# Moment of inertia car problem

1. Aug 19, 2008

### i<3math

1. The problem statement, all variables and given/known data

A driver starts his car with the door on the passenger’s side
wide open ($$\omega$$ = 0) the 36-kg door has a centroidal radius of gyration
k= 250 mm, and its mass center is located at a distance r = 440 mm from
its vertical axis of rotation. Knowing that the driver maintains a constant
acceleration of 2 m/s2, determine the angular velocity of the door as it
slams shut ($$\omega$$ = 90°).

R = 440mm = .44m
k = 250mm = .25m
a = 2 m/s
m = 36kg

2. Relevant equations

$$\Sigma$$M = Ig$$\alpha$$ + $$\Sigma$$ r x mag ... (1)

$$\omega$$ = $$\omega$$0 + 2$$\alpha$$$$\theta$$

a = R$$\alpha$$

3. The attempt at a solution

$$\Sigma$$M = Ig$$\alpha$$ + $$\Sigma$$ r x mag

::: $$\Sigma$$M = Wg R cos($$\theta$$)
* even though i did this...what do i use for theta? (90? degrees)
* also, i think the only thing that contributes to the moment is the weight of the door?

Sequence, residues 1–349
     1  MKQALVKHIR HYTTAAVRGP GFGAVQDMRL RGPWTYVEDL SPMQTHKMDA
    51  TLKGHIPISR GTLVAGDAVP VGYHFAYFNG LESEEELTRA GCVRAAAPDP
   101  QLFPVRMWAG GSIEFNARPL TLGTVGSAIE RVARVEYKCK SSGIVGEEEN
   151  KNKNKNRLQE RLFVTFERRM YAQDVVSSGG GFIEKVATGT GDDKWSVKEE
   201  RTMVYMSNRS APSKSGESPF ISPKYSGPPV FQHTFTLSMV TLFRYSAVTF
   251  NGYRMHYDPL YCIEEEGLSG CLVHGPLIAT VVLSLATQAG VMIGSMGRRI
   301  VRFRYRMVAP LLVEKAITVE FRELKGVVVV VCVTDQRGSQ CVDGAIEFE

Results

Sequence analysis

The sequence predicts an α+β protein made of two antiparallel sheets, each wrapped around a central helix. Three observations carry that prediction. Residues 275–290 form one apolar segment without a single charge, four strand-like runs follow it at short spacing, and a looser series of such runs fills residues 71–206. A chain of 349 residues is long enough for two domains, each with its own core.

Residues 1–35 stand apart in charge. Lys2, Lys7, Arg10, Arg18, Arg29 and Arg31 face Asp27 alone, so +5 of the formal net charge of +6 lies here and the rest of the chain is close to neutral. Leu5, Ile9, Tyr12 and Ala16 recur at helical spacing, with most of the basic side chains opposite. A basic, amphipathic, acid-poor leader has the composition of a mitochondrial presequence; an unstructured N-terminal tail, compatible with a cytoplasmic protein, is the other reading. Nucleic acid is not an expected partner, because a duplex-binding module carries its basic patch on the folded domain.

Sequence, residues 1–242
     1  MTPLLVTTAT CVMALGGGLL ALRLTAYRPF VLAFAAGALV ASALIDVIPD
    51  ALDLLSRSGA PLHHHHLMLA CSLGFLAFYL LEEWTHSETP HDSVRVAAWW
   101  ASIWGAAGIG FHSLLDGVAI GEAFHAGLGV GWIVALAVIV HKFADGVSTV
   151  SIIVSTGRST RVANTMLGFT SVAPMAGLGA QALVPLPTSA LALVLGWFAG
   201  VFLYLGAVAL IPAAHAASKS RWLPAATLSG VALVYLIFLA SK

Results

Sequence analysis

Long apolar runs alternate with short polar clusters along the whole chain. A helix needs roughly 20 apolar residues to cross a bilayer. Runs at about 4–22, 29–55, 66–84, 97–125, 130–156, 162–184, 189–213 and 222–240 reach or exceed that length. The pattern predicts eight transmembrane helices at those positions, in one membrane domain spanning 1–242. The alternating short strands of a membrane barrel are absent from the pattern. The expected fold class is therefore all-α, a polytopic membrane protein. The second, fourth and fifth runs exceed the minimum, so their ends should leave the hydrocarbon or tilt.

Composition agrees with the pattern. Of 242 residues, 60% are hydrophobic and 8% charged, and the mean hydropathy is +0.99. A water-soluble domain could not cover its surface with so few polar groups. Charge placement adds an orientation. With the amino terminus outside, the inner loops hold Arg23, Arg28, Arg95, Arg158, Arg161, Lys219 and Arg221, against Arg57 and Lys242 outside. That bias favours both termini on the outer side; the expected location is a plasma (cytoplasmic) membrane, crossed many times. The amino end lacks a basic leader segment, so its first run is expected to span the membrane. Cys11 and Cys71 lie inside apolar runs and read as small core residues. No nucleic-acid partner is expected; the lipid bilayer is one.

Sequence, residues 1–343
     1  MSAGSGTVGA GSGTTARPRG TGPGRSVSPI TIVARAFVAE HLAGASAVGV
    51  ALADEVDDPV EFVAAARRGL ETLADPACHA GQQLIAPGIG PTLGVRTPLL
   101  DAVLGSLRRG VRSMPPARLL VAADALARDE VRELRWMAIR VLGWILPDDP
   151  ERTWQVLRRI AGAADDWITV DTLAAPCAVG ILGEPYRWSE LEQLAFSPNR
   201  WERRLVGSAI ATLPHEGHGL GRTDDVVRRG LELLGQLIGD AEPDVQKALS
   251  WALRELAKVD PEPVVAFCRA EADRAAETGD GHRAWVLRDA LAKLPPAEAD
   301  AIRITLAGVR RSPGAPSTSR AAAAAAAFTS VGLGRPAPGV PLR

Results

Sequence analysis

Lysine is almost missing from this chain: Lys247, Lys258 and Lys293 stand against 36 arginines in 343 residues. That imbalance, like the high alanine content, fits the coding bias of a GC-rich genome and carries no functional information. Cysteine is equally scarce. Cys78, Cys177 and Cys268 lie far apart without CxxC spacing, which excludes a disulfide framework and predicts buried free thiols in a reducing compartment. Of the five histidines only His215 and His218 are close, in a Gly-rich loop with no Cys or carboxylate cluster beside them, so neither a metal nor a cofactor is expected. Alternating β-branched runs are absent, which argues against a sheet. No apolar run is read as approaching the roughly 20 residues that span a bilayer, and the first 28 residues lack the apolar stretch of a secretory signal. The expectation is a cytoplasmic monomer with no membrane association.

::: Ig$$\alpha$$ + $$\Sigma$$ r x mag

= I$$\alpha$$ + maR
= mk2 $$\alpha$$ + mR2$$\alpha$$

after i complete (1) i get this when i solve for alpha:

$$\alpha$$ = Rg/ (k2 + R2cos($$\theta$$)

and then i get stuck here. i didn't know what to use for the theta, but i think im suppose to find $$\alpha$$ and then use the kinematic equation:

$$\omega$$ = $$\omega$$0 + 2$$\alpha$$$$\theta$$
a = R$$\alpha$$

to find omega, and i know omega initial = 0 ??

i feel like im missing an important part of the equation because im not getting the right answer...and i don't quite understand it. Im a little confused on the cosine part, am i suppose to use that for the acceleration, and not the moment of the weight? if someone can please help?!? i would appreciate it!! Thanks!! :D :D

2. Aug 19, 2008

### LowlyPion

Have you thought about approaching this problem from the frame of reference of the accelerating car?

In that case wouldn't the change in potential energy - the center of mass moving in the accelerating frame from 0 to the radius of the center of mass below the door post (viewed from the top) - translate into the kinetic energy of the door moving at 1/2*Iw^2 ?

Looks like you can calculate I from the radius of gyration and its mass. Rg^2 = I/m.

Not sure however if this is the way they might want you to solve it for the course you are taking.